The MEAL Act, a bill introduced by two Democratic senators, would require all fast food and other chain restaurants to provide a host of nutritional data to customers about the food on the menu: calories, saturated fat, trans fat, carbohydrates and sodium.
New York City, California, Massachusetts and other localities have all passed similar rules, which have provided eye-opening facts for consumers trying to watch their weight. It's only been 15 years since te labels on packaged foods have been beefed up -- and while that hasn't necessarily fixed America's waistline problem and certainly hasn't halted the sale of unhealthy foods, it at least provides added information for those trying to eat a healthy diet."Consumers play an impossible guessing game trying to make healthier choices in restaurants," said Margo Wootan, nutrition policy director for the Center for Science in the Public Interest. "Who would guess that a large chocolate shake at McDonald's has more calories than two Big Macs or that a multigrain bagel at Dunkin' Donuts has 140 more calories than a jelly donut?"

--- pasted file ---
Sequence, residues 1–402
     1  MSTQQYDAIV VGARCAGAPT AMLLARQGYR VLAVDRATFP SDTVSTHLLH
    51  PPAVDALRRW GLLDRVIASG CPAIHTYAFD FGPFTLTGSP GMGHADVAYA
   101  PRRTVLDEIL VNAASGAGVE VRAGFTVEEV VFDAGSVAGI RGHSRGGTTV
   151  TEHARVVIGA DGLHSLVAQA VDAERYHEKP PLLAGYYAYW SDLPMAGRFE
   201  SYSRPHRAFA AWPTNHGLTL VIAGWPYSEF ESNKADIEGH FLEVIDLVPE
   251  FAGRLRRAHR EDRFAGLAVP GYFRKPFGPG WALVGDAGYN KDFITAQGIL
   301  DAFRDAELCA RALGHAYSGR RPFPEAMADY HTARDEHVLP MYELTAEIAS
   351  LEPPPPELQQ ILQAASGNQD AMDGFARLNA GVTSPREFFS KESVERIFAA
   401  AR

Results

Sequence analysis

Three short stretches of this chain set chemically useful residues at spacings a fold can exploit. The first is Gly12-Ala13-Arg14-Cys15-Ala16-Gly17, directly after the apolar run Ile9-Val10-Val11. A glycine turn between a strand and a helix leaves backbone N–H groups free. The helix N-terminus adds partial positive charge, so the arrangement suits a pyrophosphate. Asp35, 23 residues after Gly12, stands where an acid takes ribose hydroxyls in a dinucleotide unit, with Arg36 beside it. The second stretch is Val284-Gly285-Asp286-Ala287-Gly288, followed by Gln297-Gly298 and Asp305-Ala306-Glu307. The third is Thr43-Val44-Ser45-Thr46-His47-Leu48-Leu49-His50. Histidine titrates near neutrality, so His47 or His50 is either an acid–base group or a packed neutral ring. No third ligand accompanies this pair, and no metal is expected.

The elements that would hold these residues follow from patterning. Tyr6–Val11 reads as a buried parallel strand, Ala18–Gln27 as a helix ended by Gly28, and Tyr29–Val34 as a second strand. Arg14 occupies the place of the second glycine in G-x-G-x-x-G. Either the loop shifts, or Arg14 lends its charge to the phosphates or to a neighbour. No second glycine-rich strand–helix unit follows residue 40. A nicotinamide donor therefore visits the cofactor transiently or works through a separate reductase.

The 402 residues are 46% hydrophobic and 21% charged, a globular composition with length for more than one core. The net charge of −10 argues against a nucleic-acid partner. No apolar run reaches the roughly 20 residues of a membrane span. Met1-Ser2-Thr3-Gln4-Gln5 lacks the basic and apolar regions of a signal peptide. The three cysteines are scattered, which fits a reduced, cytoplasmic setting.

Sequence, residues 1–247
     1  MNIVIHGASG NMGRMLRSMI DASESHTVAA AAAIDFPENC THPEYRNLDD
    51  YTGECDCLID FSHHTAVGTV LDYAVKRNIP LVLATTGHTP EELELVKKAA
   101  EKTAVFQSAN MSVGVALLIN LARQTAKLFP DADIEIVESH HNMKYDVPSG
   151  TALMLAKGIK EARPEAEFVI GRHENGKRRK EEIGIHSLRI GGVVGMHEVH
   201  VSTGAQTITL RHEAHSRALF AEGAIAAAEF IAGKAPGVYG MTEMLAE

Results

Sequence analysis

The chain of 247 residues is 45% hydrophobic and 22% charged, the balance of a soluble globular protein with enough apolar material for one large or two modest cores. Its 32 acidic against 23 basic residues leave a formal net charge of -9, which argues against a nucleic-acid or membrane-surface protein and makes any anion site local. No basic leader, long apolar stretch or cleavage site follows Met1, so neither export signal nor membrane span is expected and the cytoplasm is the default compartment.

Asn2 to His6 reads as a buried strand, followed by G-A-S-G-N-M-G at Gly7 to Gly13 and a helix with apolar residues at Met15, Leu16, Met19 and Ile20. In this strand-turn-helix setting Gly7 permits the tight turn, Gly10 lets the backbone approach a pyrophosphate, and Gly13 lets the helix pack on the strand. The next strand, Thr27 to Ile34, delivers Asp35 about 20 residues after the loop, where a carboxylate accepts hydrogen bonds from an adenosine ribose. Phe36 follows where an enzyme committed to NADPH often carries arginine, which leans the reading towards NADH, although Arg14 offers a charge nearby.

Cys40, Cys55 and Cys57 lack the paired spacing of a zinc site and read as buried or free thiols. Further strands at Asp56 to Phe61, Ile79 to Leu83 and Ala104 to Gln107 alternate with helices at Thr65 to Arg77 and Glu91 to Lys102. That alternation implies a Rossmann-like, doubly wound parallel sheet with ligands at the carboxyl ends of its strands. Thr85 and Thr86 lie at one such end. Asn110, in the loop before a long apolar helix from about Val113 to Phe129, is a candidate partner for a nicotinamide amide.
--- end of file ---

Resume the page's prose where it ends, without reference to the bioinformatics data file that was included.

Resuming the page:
Or that some Cold Stone Creamery shakes might take 4 hours at the gym to burn off. Or that you can consume three-fourths of your daily recommended calorie intakes with a single dessert at Chili's. Or that many meals contain four times the recommended daily intake of sodium.
According to CSPI, one-third of the calories the average American consumes comes from restaurant and to-go meals. Those meals also account for half our food expenditures.
CSPI warns people not to confuse the MEAL Act with the LEAN Act, which has been introduced by the food industry, the group says, to obscure and water down existing nutrition labeling laws on the books in several states.
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